Cosatu claims success
Johannesburg - Wednesday's nationwide protest for the scrapping of e-tolls and labour brokers was a "resounding success", Cosatu has claimed.
"The protest was a brilliant success and it far exceeded our estimates," said Congress of SA Trade Unions (Cosatu) spokesperson Patrick Craven.
"It showed the overwhelming support for the demands we were making."
Plans for a secondary strike would now depend on the government's response to memoranda. Cosatu expected a response within seven days.
Craven said protester turnout was impressive, not only in the economic hub of Johannesburg, but also in smaller areas across the country.
Downtown Johannesburg, where the major event took place, had been brought to a standstill, said Craven.
Protesters handed a memorandum to Gauteng Premier Nomvula Mokonyane outside her office.
Her spokesperson Xoli Mngambi said: "The premier is currently studying the contents of the memorandum and a decision will be taken at an appropriate point as to what to do."
The protest resulted in flights being delayed in Durban, shops in central Johannesburg closing, absentee street traders in some city centres, a reduction in rail services in Gauteng and KwaZulu-Natal, and the temporary suspension of train services on the Leralla line, on the East Rand.
The service was suspended after "worrying" reports of assault and intimidation in the Leralla corridor and Kaalfontein areas, Metrorail said.
Protests took place in 32 areas across the country. There were no reports of serious injuries or deaths, but riot police kept watch over the swelling crowds.
National police spokesperson Colonel Vish Naidoo said there had been no reports of violence, and protests throughout the country had been peaceful. There had, however, been some claims of intimidation, but these were not officially reported.
Forgotten their roots
Earlier, marshals battled to contain a Johannesburg crowd, which stretched six blocks, when embattled ANC Youth League president Julius Malema arrived.
Cosatu general secretary Zwelinzima Vavi said at the protest in Johannesburg that some government leaders had forgotten their roots.
"Today we are here to remind some fellows where they are coming from. They don't know anymore the power of the working class," he said.
Crowds in several city centres wore bright red and yellow attire, sang, danced, and waved placards bearing messages against labour brokers and electronic tolling on Gauteng's highways.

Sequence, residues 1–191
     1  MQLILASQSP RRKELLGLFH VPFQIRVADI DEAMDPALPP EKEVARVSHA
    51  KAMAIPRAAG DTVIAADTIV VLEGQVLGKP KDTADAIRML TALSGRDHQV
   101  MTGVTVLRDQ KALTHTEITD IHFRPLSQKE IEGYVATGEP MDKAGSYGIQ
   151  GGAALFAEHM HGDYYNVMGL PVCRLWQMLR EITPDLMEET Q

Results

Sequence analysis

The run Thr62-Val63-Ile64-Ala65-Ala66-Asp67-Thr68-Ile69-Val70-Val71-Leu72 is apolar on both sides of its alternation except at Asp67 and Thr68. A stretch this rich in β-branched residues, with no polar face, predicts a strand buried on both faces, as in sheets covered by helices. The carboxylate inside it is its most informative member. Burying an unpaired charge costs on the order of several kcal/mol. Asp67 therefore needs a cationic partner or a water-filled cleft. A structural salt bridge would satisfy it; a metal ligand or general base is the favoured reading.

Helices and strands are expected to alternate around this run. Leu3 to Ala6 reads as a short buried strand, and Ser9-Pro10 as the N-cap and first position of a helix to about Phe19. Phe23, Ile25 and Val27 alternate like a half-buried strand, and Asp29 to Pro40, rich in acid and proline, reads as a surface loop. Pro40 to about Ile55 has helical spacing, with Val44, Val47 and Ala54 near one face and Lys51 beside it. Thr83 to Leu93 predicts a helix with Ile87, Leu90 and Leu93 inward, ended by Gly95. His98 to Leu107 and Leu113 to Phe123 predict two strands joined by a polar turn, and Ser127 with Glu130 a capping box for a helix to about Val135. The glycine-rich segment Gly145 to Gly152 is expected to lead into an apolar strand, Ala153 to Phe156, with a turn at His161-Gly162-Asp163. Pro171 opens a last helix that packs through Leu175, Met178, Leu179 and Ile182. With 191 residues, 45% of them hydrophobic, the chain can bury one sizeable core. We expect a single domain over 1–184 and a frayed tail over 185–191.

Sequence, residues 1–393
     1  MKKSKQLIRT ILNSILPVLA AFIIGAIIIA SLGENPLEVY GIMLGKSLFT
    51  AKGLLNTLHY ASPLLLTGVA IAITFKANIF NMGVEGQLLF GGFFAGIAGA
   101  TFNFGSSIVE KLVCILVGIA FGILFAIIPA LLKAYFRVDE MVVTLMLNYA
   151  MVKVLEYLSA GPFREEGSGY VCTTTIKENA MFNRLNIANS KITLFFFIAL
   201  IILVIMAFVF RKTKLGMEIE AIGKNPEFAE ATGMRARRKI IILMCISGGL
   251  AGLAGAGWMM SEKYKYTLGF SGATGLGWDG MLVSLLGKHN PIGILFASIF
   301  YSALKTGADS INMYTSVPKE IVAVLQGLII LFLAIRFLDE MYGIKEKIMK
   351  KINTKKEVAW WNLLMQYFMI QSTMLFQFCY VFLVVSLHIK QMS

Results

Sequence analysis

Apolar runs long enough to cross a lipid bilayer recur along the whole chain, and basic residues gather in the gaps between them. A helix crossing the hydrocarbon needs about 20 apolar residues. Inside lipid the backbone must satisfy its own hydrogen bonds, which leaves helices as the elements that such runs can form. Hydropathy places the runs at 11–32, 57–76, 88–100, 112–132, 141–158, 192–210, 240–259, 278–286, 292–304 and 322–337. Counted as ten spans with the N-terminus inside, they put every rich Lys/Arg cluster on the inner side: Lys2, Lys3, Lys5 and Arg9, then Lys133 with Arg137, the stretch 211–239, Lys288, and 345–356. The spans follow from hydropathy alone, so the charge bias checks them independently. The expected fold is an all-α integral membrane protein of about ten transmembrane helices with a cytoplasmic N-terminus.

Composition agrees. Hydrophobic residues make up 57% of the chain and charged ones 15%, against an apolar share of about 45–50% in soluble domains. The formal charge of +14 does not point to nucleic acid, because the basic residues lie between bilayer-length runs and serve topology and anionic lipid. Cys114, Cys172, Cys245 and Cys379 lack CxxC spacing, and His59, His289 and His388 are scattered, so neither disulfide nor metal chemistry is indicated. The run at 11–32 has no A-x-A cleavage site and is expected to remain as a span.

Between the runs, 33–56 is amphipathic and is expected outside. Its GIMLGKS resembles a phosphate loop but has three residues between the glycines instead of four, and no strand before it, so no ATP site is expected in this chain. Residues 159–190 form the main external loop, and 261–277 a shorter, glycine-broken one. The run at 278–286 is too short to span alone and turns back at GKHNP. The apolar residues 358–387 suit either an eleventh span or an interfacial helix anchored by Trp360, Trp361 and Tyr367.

In Polokwane, Limpopo, a downpour resulted in some protesters seeking shelter under shop awnings. Others were not deterred by the chill and drizzle and continued chanting and blowing their vuvuzelas.
Cosatu supporters refused to be addressed by a Limpopo ANC representative, calling him a friend of Malema.
Bloemfontein's march was without incident and protesters were told roads should be the government's responsibility.
In Cape Town, the strike got underway at 11:00 with protesters stretched across two blocks in blistering heat.
People took shelter under trees, while others sang and danced in the street, carrying knobkerries.
The marchers reached Parliament before noon. Protesters took off their hats to sing the national anthem while raising their fists and flying the Cosatu flag.
Back to normal
In Durban, the strike started an hour after the scheduled time. A line of riot police preceded the march, along with a water cannon and a police Nyala vehicle. At various intersections along the route marchers sat for a few moments before getting back up.
Health departments across the country remained unaffected by the strike.
"Things are running as usual and we have not heard any complaints," national health department spokesperson Fidel Hadebe said.
Eskom spokesperson Hilary Joffe said the electricity utility had received no reports of being affected by the strike, but would receive a full update later.
Mixed reports came from schools. Some were affected by the protest and others were not.
Mining company Gold Fields said about 85% of its workforce did not arrive for work on Wednesday. However, most workers at Impala Platinum showed up, following their protracted strike at the company's mine near Rustenburg.
The SABC reported that traffic at South Africa's border with Zimbabwe was building up as customs and other border officials joined the Cosatu protest in Musina.
By 16:00, protesters in some parts of the country had begun dispersing.
The tolling of some Gauteng roads is expected to start on April 30.